But Magna's head, Haim Siboni, said the thermal cameras also have the ability to detect the presence of radioactive clouds in the air. "Using these special cameras, we can also identify radioactive clouds, due to the spectrum that our cameras can sense," Magna CEO Haim Siboni told The Jerusalem Post.
Launched in 2001, Magna is based in the southern Israeli city of Dimona. The defense security company specializes in producing and installing stereoscopic sensory and thermal imaging cameras. Siboni said that his company's cameras were probably not damaged in the quake and tsunami as they were placed high up.
Theoretically, Magna is able to gain remote access to the cameras at Fukushima. But because the Japanese government has not yet given them the right to do so, Magna has not yet seen the images being recorded there.
From the JPost: "As the world continues to gaze with concern at Japan’s Fukushima nuclear power plant, hi-tech security cameras installed by an Israeli defense firm are recording events at the troubled core from an insider’s vantage point. The Arava-based Magna BSP company, which specializes in producing and installing stereoscopic sensory and thermal imaging cameras, had been contracted to place cameras around one of the plant’s six cores – the core that has been experiencing explosions and overheating.
Originally posted by StonedSheep
In reply to Zworld: The black pole at R4 is a crane with a red thingy on top, maybe a rad monitoring device that was being retracted when the journalists arrived.
Hope that helps in someway!!!
There is not a lot going on, right now. The sun is setting over there. So, we haven't had as much in the way of direct contact although we've reached out for it.
So, do we know anything about the rad level?
We have no specifics.
I only point out that we've had a brief interaction with the IAEA folks and the operations center.....they've reached out to us, to see if we could help, and we've pretty much, shared with them, that, you know, our information was sketchy, at best.
The IAEA....confirmed that they are as starved for facts as we are....we were mutually unable to help each other, much.
NRC: that would be the avenue of why you would want to get into monitoring, just so that we can say, "Yes, we're measuring it, and it's okay."
NRC: You know, we're monitoring the situation, in terms of the health effects in Alaska and Hawaii.
unidentified male participant: I don't think you want to be talking about health effects.
Black substance found in front of School kitchen
Posted by Mochizuki on February 22nd, 2012
Following up this article ..Black substance emits 45.699μSv/h of alpha ray A Fukushima citizen reported to HCR that the black substance was found beside a school. It was right in front of the kitchen of a junior high school. Source Iori Mochizuki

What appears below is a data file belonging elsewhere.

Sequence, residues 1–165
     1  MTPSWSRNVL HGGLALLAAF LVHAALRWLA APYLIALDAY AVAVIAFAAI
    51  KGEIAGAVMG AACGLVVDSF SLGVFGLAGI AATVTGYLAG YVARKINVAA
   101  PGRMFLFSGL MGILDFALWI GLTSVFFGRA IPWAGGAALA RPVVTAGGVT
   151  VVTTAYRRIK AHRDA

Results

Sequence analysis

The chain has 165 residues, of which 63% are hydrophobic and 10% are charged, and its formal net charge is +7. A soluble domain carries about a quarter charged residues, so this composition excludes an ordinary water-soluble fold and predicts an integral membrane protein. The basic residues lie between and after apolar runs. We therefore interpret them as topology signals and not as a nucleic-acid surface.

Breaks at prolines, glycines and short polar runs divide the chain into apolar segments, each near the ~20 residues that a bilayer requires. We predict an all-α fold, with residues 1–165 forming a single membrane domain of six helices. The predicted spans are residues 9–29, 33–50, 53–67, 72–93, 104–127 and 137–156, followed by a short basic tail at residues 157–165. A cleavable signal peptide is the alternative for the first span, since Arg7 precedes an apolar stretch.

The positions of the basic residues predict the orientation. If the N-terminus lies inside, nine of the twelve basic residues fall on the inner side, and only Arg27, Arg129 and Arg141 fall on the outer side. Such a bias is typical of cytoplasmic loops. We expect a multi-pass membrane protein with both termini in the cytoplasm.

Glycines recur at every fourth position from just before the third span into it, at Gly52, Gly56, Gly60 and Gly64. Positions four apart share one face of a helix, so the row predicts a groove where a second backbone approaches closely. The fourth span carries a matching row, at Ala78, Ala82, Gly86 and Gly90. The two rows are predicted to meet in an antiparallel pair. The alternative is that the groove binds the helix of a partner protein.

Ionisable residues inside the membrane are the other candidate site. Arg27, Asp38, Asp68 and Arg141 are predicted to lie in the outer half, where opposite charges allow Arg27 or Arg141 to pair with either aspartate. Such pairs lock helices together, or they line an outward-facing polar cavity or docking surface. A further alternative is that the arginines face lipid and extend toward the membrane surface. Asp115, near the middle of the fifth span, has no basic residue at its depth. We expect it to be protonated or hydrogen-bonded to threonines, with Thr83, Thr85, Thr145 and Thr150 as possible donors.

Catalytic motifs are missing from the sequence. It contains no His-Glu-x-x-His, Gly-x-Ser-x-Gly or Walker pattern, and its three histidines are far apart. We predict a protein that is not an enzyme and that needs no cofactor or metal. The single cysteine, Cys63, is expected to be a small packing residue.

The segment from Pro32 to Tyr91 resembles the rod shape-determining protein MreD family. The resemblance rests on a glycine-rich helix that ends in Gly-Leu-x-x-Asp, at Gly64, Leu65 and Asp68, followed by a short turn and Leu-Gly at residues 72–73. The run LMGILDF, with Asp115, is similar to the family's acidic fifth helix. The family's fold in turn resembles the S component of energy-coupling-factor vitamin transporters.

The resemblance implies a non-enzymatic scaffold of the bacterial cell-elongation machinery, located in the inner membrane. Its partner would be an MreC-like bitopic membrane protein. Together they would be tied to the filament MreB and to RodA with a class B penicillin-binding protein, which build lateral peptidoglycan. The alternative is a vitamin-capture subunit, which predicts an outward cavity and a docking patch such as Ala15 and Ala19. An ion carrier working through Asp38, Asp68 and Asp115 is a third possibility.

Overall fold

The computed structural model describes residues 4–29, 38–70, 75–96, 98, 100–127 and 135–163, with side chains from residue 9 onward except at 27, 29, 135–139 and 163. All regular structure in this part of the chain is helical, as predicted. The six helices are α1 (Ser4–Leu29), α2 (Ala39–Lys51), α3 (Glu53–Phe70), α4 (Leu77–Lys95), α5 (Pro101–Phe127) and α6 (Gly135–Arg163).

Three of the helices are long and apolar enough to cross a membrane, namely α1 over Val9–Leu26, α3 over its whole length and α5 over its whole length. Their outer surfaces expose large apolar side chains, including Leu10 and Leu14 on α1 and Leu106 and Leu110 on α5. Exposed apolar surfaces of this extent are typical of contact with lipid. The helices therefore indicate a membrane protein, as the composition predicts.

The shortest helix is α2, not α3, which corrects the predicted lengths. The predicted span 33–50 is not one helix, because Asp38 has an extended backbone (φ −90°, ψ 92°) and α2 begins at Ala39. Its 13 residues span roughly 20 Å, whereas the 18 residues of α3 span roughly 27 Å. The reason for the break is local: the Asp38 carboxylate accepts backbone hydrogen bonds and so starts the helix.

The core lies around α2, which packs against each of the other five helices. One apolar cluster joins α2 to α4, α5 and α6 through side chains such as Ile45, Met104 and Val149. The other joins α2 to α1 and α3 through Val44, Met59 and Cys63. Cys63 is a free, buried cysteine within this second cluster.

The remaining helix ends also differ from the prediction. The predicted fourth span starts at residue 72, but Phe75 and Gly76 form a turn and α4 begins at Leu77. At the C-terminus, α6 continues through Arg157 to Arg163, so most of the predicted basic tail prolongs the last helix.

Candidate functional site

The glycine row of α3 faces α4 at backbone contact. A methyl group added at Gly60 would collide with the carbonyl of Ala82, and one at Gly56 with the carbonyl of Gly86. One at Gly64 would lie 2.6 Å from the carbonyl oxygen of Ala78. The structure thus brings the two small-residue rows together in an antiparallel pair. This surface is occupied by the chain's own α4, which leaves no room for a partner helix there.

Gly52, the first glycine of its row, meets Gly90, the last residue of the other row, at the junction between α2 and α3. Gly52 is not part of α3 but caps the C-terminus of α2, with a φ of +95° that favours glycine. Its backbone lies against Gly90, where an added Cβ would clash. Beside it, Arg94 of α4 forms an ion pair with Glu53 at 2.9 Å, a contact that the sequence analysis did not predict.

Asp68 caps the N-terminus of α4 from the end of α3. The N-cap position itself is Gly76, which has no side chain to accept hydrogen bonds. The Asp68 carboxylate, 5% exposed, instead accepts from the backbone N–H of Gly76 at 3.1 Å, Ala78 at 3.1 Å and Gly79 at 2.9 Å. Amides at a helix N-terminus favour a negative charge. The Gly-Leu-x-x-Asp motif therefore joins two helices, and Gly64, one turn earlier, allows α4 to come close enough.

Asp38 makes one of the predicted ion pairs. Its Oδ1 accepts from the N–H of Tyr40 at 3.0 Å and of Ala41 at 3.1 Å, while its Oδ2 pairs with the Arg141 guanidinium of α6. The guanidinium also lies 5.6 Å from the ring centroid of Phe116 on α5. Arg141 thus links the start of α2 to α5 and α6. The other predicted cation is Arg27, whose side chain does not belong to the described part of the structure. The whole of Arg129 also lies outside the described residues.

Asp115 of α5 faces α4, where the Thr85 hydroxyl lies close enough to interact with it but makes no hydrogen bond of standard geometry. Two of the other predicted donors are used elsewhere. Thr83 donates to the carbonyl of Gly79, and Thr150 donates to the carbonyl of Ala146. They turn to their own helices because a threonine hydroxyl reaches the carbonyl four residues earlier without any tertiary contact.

Professor Navrotsky says as far as she knows there is no evidence of long-distance uranium contamination from Fukushima I Nuke Plant. "I don’t think the Japanese government is specifically looking for uranium anywhere outside the plant.....That doesn’t mean it doesn’t exist".
"Kelley's find also promoted discussion about potential radiation, but local experts said the nuclear plant did not melt down until after the tsunami came and went, so that is not a high level of concern.
National Weather spokesman Troy Nicolini, who helps coordinate tsunami preparedness plans for the North Coast, said radiation levels on debris is not what people should worry about.
”After 7,000 miles of ocean, NOAA's position is that it's extremely unlikely there is radioactivity,” he said."
Higley and other OSU experts have been active in studying the Fukushima accident since it occurred, and are now doing research to help scientists in Japan better understand such issues as uptake of radioactive contamination by plants growing near the site of the accident.
They also studied marine and fishery impacts near Japan soon after the incident. "In the city and fields near Fukushima, there are still areas with substantial contamination, and it may be a few years before all of this is dealt with," Higley said.
"But researchers from all over the world are contributing information on innovative ways to help this area recover, including some lessons learned from the much more serious Chernobyl accident in 1986 in the Ukraine." Some of the technology to deal with this is complex.
Other approaches, she said, can be fairly low-tech -- removal of leaf litter, washing, plowing the ground, collecting and concentrating water runoff. The repercussions of the event in the ocean, however, and implications for distant shores are much more subdued.
Most of the discharge that was of concern was radionuclides of iodine and cesium, which were deposited on widely dispersed, floating marine debris days after the tsunami.
Most of the iodine by now will have disappeared due to radioactive decay, and the cesium washed off and diluted in the ocean.
One of the key tasks in preventing the risk of nuclear meltdown at the Fukushima nuclear power station in Japan a year ago, was carried out by a team of Tokyo firefighters. In dangerous radiation levels, the men mostly over 40, had just 60 minutes to lay 800m of fire hose to help pump sea-water from the coast to the reactor buildings. The clip including Tokyo Fire Department footage is from This World: Inside the Meltdown broadcast on BBC Two at 21:00 GMT on Thursday 23 February or watch online afterwards via iPlayer (UK only) at the above link.